Just venting

ArTurf

LawnSite Fanatic
Location
Ark
Installed a system approx a year ago, after install went through system with customer and all is good. He originally was going to install sod so I set the heads above grade for sod. He changed his mind and decided to seed so I reset 50 or so heads at no cost. It was too late in the year to seed so this spring when it is time to seed I kill out the existing lawn at no cost for him to seed. Then he decides he wants to sod. Fine as I am out of this from this point. He asks about a local company which I do not recommend as I have had to deal with the after effects of their jobs in the past. Well they lay the sod past the lines of the sprinkler system so there is sod that is not getting watered and they layed sod in an area he clearly stated when I was installing he did not care to water. He then points out I missed the property line by 6' and wants the heads moved, of course this messes up all the spacing. The area that was not watered at all he wants heads added which meant adding a station and taking up a lot of sod. I made a few tweaks and managed to get a little more coverage. When I told him the price of adding an extra station and making changes he backed off. At the time we discussed property lines he gave general descriptions and I went with what I understood. At the end of the install he did not mention the property lines and where the heads stopped. I guess in the future I will have the customer draw a line in the sand. I should have known from the beginning to avoid this customer. He is an "engineer". Not to stereotype but have you ever noticed some of these types have little common sense. He struggles with operating the I-Core more than most. Forgive the boring story but just getting it off my chest.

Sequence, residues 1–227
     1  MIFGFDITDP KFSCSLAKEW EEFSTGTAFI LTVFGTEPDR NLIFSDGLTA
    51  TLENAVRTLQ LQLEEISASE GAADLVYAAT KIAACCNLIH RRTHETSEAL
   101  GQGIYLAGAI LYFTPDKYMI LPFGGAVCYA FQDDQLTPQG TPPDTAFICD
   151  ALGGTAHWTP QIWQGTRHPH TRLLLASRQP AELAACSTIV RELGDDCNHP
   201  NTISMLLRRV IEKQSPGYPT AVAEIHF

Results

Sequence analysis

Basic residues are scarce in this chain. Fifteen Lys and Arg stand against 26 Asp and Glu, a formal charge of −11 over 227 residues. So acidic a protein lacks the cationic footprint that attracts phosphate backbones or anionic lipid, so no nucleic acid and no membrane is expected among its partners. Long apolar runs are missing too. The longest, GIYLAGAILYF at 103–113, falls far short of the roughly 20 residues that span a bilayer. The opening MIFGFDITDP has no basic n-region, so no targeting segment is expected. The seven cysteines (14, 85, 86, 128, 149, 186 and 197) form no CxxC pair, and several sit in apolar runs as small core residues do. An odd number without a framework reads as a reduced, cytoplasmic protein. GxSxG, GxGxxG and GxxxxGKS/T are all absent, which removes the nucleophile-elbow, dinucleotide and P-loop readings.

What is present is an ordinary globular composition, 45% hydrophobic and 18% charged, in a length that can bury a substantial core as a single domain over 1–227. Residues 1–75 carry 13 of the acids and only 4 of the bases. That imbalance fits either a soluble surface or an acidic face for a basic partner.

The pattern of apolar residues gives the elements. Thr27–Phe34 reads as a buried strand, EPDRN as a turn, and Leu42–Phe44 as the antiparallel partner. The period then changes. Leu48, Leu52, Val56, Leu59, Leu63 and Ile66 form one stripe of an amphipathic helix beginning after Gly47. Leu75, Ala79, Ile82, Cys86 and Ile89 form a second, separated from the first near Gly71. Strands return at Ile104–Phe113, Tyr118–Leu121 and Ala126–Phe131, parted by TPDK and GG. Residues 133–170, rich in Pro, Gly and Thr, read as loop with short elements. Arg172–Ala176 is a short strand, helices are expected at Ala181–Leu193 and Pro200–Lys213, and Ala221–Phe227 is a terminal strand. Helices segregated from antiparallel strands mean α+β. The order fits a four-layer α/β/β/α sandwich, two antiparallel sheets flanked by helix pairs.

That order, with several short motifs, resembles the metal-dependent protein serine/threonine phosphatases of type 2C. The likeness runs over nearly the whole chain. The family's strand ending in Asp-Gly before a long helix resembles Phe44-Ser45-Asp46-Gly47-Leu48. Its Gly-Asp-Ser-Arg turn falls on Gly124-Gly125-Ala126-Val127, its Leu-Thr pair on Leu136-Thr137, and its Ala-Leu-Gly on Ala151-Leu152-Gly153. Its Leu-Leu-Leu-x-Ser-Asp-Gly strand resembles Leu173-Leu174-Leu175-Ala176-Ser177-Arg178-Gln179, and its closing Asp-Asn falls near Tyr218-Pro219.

Dirt Boy

LawnSite Senior Member
Location
MidWest
I hear ya:dizzy:
But, those are change orders, and should be charged accordingly.
Helps to have these things written down as well, but I guess you live & hopefully learn before you go broke or crazy!

I would imagine that we've all been down this road a time or two, if that's any comfort.
 

mitchgo

LawnSite Gold Member
Location
Redmond, WA
Depending on the guy... I've always stuck with Jim's quote. Jokingly ". Engineer ?! Ah, Where's your train ?"

Pretty much what dirt boy said . It's hard because people change their minds too often . Coming from a company that does not do landscaping I'll get stuck in these situations from time to time. I for one would not want to reset 50 heads for free to come and find out I have to add a zone and redesign . Communication is key

Give them the spray paint so you can get the design, add wiggle room for moving heads / resetting height after installation .

Just a small paragraph will save yourself , make it a contingency should the original design be changed
 
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Kawizx62003

LawnSite Silver Member
Location
Richmond, VA
It sounds like you handled it well (not working too much for free) and keeping your cool. Use it as a lesson. Maybe make it a policy of yours to make a professionally detailed drawing of all jobs and have reviewed and signed by the customer. Explain to them that any deviation from the original plan (once work has started) will be charged accordingly.

Ok, you vented, onto the next project.
 
OP
A

ArTurf

LawnSite Fanatic
Location
Ark
Just a word of friendly advice to all newbies. "Engineer" is a word to sound the alarm bells and raise your trouble radar settings to maximum.

I've always heard the engineer stories and never paid much attention but after running across a few of these I see what they mean. Some of them may have high education but no real world experience doing simple tasks. A brother in law of mine has a masters degree in engineering but couldn't change the headlight on his car for example.
 
OP
A

ArTurf

LawnSite Fanatic
Location
Ark
While were at it, just installed a system at a new house. Landscapers installed the flowerbeds and raised the grade prob 6" so now the heads are that far under grade. Even worse than the heads is they raised the grade above the foundation vents. I would suppose that is some sort of building code violation not to mention a bad idea in general but that's not my department.
 

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